I love it!

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14 Comments so far
Leave a comment

I LOVE IT!

Comment by lizz

Even the smarter can be caught by this kind of fishing offering money using this kind of statement. This ad has been translated into other languages (as far as I know, it’s been translated into Spanish) making possible a path to grove thousands and thousands of smart Internet users.
Long ago, I quit forwarding this type of disinformation to be disseminated along the web via our personal contacts.
Users should publicly be warned and aware on this kind of traps made to spread dirty political practices, and also to reach and collect as much e-mail addresses as possible used for commercial purposes and spam.

Comment by Ron Saunders

I got this forward from a friend, googled the lawsuit and found this article. It’s fabulous. Way to go GalvestonLawyer!

Comment by Em

I’m glad someone sent me an email like this concerning these Nationally known rivals (ha-ha). I found some time to do a little research of my own, and found this site. Now I use this site to reply to all those who think they are going to gain profit from some genius spam generator.
Nice work GalvestonLawyer.

Comment by Ron

I got a french version of this email, and googled it to find this web. This is so obviously fake, about getting money just by sending an email, microsoft being able to track personnal emails we send, the mention of Pepsi lawsuit that happened recently without any references as if everybody heard about it. Money doesn’t come that easy, we got to work for it, not just click it in! I can’t believe that after all these years of scams like this some people still believe in them. I used to receive a lot regarding witches that bring good or bad luck if you send the damn email. This scam is just as ridiculous!

Comment by PJ

Thanks you! When it come to FREE money,we humans
seam to lose our minds. There is NO FREE MONEY! Stop the pipe dream and wake up!

Don’t be sucker. Next time you could lose a lot
more than just your time. Maybe you home.

Comment by jsb

Well Done!… and thank you for all the research you did.

Yea this “email junk” has been translated into Spanish. I received it in Spanish from my good friend, who apparently lost his common sense once he read “You will receive a check for $241 right at your door”!

Comment by Gustavo

Have you ever heard of ONE show titled “Good Morning America Today Show”? I knew I didn’t need to read much more to know that it was a hoax!

Comment by Julie

That was on the same level as the letter Beaver Dam response. I’m going to borrow it for the two emails I’ve received in the last two days.

Comment by Capitan Claymore

I receive this kind of junk mail from my congregation and family all the time. I am glad i am not the only one who checks them out. I thank God there are web sites like yours to go to when we get such things. (I found 151,000 web sights that debunked this E-Mail) can you believe it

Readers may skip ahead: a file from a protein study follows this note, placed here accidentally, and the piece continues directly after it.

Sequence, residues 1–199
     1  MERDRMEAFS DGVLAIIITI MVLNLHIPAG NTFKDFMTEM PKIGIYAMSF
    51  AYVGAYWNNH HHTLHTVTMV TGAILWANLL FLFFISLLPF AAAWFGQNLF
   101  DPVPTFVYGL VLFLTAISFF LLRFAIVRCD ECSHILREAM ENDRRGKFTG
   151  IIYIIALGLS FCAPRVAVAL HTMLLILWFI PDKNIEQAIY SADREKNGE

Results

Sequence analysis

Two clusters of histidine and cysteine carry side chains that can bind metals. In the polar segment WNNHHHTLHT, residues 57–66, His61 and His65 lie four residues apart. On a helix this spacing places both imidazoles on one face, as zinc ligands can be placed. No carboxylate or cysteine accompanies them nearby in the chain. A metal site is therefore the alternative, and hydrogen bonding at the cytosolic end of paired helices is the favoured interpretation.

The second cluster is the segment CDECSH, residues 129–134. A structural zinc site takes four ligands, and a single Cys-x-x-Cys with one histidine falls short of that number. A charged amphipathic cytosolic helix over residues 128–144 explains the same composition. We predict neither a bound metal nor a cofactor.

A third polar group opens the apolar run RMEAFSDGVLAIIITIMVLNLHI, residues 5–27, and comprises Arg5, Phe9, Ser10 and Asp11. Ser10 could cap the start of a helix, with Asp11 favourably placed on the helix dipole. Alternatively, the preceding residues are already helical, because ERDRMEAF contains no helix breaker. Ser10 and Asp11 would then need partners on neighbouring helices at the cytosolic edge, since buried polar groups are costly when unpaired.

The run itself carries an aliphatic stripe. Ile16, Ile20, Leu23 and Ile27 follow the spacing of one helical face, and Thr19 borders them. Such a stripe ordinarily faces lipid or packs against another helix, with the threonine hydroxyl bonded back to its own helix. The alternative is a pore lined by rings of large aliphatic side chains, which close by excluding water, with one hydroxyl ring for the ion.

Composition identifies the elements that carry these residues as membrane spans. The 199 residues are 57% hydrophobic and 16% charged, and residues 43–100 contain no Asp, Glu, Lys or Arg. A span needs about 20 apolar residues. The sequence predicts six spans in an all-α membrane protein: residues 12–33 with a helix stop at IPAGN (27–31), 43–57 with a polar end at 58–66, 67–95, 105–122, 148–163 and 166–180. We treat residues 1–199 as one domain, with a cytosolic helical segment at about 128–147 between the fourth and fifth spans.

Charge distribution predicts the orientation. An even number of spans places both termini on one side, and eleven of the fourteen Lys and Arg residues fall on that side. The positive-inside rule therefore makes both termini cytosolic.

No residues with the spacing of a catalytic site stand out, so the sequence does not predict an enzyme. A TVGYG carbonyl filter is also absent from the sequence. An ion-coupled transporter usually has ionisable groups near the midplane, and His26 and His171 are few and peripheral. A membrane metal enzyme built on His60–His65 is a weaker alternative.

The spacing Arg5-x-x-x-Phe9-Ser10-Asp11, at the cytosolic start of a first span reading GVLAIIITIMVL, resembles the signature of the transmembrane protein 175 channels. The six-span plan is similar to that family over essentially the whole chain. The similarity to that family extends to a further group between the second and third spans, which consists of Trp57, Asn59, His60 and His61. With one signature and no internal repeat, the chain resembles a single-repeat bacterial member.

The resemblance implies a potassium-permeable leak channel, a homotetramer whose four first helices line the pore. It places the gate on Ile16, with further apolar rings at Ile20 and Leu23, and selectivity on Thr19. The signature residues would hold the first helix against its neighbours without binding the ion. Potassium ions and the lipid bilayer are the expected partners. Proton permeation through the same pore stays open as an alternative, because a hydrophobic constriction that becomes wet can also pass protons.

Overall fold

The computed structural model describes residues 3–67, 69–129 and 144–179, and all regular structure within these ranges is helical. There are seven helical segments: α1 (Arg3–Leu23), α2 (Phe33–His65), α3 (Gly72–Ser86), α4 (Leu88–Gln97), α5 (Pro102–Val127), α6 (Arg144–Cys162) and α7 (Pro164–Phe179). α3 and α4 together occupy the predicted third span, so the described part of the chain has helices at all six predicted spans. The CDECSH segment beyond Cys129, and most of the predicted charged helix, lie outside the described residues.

Comment by Ken Rodenberger

I am going to send this website back to
the person who sent me the spam chain email.
Thank you for the input!

Comment by MI Worker

I too started with the phone calling of the numbers listed in the email and got nothing which led me to the web search for the infamous “lawyer” and thus the notification of the hoax. I informed the person who originally sent the email of the hoax and this general wise rule – “if it is too good to be true – it is not real!”

Comment by Teresa Laggis

I am a law student, and, sadly, this was sent to me by…ANOTHER LAW STUDENT. I already KNEW it was BS (because I possess a little thing called “common sense”) but found this as I searched for a link to send to this clown so he’d know to stop wasting my time with useless forwards. Might as well claim that Bill Gates himself will deliver you the check on his unicorn.

Comment by LegalRugger7

I only got as far as marvelling at the gullibility of people who forward this sort of thing to their entire mailing list, though I did wonder how big corporates could possibly get into class action suits against another, hence finding this. That M$ could track emails sent from a Windows system is vaguely plausible. Thinking that they could translate that information to your bank account details and deposit big $$ (as the latest version of the thing goes, sending checks in the mail is so 1970s) is just plain idiocy. I got it from someone I don’t even know with some South African details (allegedly reported on a local exposé TV show) added to “validate”the prank.

The only chance of real litigation: if any of this wasted real time at a big corporation and they tracked down who set off the prank (unlikely for the original, it started around 1997, but someone who adds embellishments could potentially be identified), the big corporate could sue the prankster for losses.

Comment by Philip Machanick